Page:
Pathologic classification of adenocarcinoma of lung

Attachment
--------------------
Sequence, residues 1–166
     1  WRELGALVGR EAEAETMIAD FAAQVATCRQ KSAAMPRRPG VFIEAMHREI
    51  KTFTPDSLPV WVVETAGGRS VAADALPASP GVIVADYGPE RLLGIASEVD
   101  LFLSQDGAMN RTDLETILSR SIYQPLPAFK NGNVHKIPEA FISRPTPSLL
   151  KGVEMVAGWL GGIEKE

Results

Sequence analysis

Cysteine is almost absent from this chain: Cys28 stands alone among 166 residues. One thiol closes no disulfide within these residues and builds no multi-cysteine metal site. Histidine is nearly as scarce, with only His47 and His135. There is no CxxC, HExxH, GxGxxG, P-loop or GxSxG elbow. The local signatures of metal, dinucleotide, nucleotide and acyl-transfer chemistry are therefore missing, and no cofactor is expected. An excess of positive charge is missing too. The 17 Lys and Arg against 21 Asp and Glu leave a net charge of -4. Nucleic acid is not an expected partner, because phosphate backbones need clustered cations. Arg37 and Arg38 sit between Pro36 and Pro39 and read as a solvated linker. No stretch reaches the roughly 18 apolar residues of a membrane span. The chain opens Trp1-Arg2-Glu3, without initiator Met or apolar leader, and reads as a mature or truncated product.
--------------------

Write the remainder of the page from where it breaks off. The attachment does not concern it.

Recently, the 1999/2004 World Health Organization (WHO) classification of adenocarcinoma became less useful from a clinical standpoint as most adenocarcinomas belonged to the mixed subtype and the term bronchioloalveolar carcinoma (BAC) gave rise to much confusion among clinicians. For these reasons a new adenocarcinoma classification was introduced in 2011 by a joint working group of the International Association for the Study of Lung Cancer (IASLC), American Thoracic Society (ATS), and European Respiratory Society (ERS). This represents an international, multidisciplinary effort joining pathologists, molecular biologists, pulmonary physicians, thoracic oncologists, radiologists, and thoracic surgeons. Currently, a distinction is made between pre-invasive lesions, minimally invasive and invasive lesions. The confusing term BAC is not used anymore and new subcategories include adenocarcinoma in situ and minimally invasive adenocarcinoma. Several aspects of this classification are discussed with main emphasis on its correlation with imaging techniques and its impact on diagnosis, treatment and prognosis. On chest computed tomography (CT) a distinction is made between solid and subsolid nodules, the latter comprising ground glass opacities (GGO), and partly solid lesions. Several studies incorporating CT and positron emission tomographic (PET) data show a good imaging-pathologic correlation. With the implementation of screening programs early lung cancer has become a hotly debated topic and sublobar resection is currently reconsidered for early lesions without lymph node involvement. This new classification will also have an impact on the TNM classification. Thoracic surgeons will continue to play a major role in the application, evaluation and further refinement of this new adenocarcinoma classification.